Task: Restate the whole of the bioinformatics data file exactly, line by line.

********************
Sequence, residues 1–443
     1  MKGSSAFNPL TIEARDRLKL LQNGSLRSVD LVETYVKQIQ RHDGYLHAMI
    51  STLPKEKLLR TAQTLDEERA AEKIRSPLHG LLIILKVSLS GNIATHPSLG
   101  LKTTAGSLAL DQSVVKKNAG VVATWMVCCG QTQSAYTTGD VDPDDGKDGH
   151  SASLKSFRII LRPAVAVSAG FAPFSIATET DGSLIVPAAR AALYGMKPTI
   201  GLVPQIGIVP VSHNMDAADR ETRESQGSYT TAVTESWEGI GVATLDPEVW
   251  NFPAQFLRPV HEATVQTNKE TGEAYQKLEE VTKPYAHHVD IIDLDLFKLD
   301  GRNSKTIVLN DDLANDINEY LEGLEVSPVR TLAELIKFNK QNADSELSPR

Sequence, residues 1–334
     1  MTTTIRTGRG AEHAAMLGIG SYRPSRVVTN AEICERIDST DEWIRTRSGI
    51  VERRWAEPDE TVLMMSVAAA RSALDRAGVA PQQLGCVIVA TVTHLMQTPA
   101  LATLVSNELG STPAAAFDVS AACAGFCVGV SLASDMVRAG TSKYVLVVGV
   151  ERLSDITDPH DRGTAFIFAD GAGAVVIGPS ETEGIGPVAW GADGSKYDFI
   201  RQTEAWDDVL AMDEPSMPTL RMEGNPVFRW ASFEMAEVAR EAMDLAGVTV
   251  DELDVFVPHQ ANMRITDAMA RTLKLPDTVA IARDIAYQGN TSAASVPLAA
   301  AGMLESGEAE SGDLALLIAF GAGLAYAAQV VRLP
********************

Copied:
Sequence, residues 1–443
     1  MKGSSAFNPL TIEARDRLKL LQNGSLRSVD LVETYVKQIQ RHDGYLHAMI
    51  STLPKEKLLR TAQTLDEERA AEKIRSPLHG LLIILKVSLS GNIATHPSLG
   101  LKTTAGSLAL DQSVVKKNAG VVATWMVCCG QTQSAYTTGD VDPDDGKDGH
   151  SASLKSFRII LRPAVAVSAG FAPFSIATET DGSLIVPAAR AALYGMKPTI
   201  GLVPQIGIVP VSHNMDAADR ETRESQGSYT TAVTESWEGI GVATLDPEVW
   251  NFPAQFLRPV HEATVQTNKE TGEAYQKLEE VTKPYAHHVD IIDLDLFKLD
   301  GRNSKTIVLN DDLANDINEY LEGLEVSPVR TLAELIKFNK QNADSELSPR

Sequence, residues 1–334
     1  MTTTIRTGRG AEHAAMLGIG SYRPSRVVTN AEICERIDST DEWIRTRSGI
    51  VERRWAEPDE TVLMMSVAAA RSALDRAGVA PQQLGCVIVA TVTHLMQTPA
   101  LATLVSNELG STPAAAFDVS AACAGFCVGV SLASDMVRAG TSKYVLVVGV
   151  ERLSDITDPH DRGTAFIFAD GAGAVVIGPS ETEGIGPVAW GADGSKYDFI
   201  RQTEAWDDVL AMDEPSMPTL RMEGNPVFRW ASFEMAEVAR EAMDLAGVTV
   251  DELDVFVPHQ ANMRITDAMA RTLKLPDTVA IARDIAYQGN TSAASVPLAA
   301  AGMLESGEAE SGDLALLIAF GAGLAYAAQV VRLP